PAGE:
Read our review of Das Experiment!
What others say about Das Experiment:
(collated by ArtZine)
- “Das Experiment was awesome! The acting was really good. It was so good that I felt slightly uncomfortable being there. It was really interesting to see how people behave under a controlled environment and given total power over something else. You really won’t know how you’ll be afterwards.” – Ethel
- “I thought it’d be a bit gruesome, so I only asked some of the guys whom I thought may be interested in a theatre production about human behaviour and not mind gruesome stuff (which in the end was too real it had to be fake). Too naturalistic maybe, the play. But the take home message is how humans manipulate each other when they are of the same rank to achieve a certain hierachy within themselves (there were obvious leaders among the prisoners and the guards).Also, how the prisoners and guards immerse themselves too much into their roles such that although it’s only an experiment, the prisoners submit themselves to the guards’ torture and the guards abuse their power so freely. The whole agression and obedience idea was better explained in the really cool programme booklet. Oh and I learnt of “superhuman” strength where the prison bars seemed like plastic bars and could be pulled out by a prisoner to escape.” – Mei Ting
- “I especially loved Das Experiment. It wasn’t as dark as i thought it would be. A bonus for me was that there was drama (i.e. movement) happening at more than one place at once. I thought that the main characters were awesome! Well worth the money. Downside though is that it’s free seating. Other than that, i give it a 8/10! =) Go watch! It’s rather disturbing and at the end of it, I was rather horrified by some scenes and had to grab on to Kelvin. So yeah, go treat yourself to the play! =) – QingQing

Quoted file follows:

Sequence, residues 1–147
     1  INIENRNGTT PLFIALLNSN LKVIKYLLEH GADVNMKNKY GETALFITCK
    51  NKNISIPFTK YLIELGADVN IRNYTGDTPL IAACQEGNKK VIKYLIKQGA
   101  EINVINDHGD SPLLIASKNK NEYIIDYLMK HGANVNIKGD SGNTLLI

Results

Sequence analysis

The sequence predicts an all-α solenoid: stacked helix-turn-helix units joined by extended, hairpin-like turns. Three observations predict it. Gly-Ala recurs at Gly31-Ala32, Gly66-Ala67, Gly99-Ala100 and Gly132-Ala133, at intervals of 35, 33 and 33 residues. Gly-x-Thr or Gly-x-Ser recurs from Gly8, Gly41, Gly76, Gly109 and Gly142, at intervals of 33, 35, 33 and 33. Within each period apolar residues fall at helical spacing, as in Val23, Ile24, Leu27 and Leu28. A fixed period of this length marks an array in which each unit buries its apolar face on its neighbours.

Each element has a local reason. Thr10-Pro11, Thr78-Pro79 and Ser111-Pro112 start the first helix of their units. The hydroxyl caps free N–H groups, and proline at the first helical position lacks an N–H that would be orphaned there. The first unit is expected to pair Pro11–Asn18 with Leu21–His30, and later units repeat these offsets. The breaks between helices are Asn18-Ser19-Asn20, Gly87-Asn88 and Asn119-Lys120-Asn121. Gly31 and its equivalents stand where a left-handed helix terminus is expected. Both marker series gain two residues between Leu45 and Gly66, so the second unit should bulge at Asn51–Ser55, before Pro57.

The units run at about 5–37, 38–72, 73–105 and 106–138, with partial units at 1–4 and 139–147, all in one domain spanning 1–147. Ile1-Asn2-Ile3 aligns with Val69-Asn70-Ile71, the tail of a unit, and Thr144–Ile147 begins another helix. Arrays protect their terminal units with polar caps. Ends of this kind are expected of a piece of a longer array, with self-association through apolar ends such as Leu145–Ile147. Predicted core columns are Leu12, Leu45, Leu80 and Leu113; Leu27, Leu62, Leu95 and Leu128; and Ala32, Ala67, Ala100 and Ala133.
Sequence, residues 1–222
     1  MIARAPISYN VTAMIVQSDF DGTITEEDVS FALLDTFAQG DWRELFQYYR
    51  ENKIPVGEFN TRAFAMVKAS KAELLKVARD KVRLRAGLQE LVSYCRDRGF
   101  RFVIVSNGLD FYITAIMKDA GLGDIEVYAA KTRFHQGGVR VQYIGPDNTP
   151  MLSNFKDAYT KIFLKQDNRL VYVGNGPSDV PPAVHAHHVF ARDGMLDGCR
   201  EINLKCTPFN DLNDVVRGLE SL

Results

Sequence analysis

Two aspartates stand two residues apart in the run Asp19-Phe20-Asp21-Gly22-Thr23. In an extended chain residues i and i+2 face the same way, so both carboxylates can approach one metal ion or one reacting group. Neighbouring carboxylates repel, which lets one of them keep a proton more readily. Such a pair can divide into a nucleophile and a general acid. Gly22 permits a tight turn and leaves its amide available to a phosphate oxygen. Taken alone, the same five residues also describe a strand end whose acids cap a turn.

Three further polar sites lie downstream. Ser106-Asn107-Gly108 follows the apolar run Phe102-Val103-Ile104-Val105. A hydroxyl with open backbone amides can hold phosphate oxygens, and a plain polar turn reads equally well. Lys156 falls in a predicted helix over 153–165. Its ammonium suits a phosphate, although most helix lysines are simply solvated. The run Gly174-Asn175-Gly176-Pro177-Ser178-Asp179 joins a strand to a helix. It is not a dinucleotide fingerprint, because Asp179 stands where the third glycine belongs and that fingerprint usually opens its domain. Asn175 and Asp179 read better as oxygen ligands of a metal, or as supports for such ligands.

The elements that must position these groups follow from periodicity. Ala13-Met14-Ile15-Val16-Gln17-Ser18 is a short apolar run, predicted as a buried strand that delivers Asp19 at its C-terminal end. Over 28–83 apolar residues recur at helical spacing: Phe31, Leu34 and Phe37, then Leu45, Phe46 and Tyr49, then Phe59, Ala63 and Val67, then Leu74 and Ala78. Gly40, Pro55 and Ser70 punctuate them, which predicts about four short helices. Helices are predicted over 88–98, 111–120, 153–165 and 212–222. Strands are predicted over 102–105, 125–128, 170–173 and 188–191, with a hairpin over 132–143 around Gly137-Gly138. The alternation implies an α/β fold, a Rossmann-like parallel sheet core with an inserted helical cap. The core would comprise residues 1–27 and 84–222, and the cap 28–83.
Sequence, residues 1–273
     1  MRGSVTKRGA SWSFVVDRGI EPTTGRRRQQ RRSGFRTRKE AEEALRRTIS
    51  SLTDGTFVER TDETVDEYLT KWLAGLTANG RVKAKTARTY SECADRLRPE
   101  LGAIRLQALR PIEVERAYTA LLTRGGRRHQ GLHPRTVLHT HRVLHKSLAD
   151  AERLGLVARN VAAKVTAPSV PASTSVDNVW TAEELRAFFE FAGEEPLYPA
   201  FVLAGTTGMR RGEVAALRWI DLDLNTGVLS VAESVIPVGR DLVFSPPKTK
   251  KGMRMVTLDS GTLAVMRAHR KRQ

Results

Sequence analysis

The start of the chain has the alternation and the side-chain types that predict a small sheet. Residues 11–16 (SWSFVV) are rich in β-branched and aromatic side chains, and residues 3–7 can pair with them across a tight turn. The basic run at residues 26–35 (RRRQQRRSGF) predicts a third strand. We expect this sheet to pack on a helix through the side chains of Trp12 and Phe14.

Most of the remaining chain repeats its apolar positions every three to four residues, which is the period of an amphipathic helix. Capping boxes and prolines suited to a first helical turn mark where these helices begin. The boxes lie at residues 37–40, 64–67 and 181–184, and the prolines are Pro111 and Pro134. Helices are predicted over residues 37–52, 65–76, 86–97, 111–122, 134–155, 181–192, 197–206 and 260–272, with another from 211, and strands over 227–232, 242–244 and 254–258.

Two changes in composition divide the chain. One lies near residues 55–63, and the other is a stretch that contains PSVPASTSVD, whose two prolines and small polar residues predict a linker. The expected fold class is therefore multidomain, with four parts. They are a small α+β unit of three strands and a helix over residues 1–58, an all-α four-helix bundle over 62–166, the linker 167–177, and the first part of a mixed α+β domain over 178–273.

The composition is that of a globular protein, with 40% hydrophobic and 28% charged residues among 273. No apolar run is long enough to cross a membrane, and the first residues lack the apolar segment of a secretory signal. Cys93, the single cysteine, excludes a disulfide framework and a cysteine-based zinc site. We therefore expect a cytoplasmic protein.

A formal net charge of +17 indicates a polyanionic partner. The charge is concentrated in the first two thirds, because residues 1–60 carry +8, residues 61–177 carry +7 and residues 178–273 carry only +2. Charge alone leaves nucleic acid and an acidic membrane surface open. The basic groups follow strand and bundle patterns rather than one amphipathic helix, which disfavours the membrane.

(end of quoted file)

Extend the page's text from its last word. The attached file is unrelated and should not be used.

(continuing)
- “It was a small, local production about 15 who participate in a prison simulation experiment for two weeks. The experiment begins smoothly, but quickly deteriorates as the guards developed authoritarian tendencies. As time progresses, the guards go to great lengths to conceal their actions and keep the experiment running, and the prisoners resist as best they can. Essentially, the play was about power, about people who abuse them and victims who fall prey to them. It reminded me of the cruelty of the corporate world.” – Streets
- “Das Experiment. A play in which Scientists put a group of people in a mock prison environment, some to be guards and others prisoners. Unbelievable how the mind works. In the play, the volunteers get so into it that the guards start torturing the prisonerss, even denying them of medical treatment till deaths occur. No one’s that resillient I guess.”
- “For sure, it’s only theatre – but the process of dehumanisation is so in your face, you cannot help but feel a tinge of guilt at having been seduced into savouring each sadistic moment. The verdict? Here’s a theatrical experiment so effective, it’s, well, criminal.” – Today, Mayo Martin
- “I watched the gala perfomance of ‘Das Experiment: Black Box’. The play is based on a book written by Mario Giordano, which was made into a film, and which in turn was all based on the infamous Stanford Prison Experiment in the 1960s, which revealed (more than was intended I suspect) many aspects of human behaviour, social conditioning, roles, reality and illusion.What I really liked was the interesting use of an unconventional place to stage the play (it was performed at the Far East Auditorium at Far East Square) and the design of the sets. (The set used in the film was mirrored in the set of the play.)” – Irwin
- “Totally emotionally harrowing, we were grabbing each other like, OMG HE CAN’T DO THATTT.” – Victoria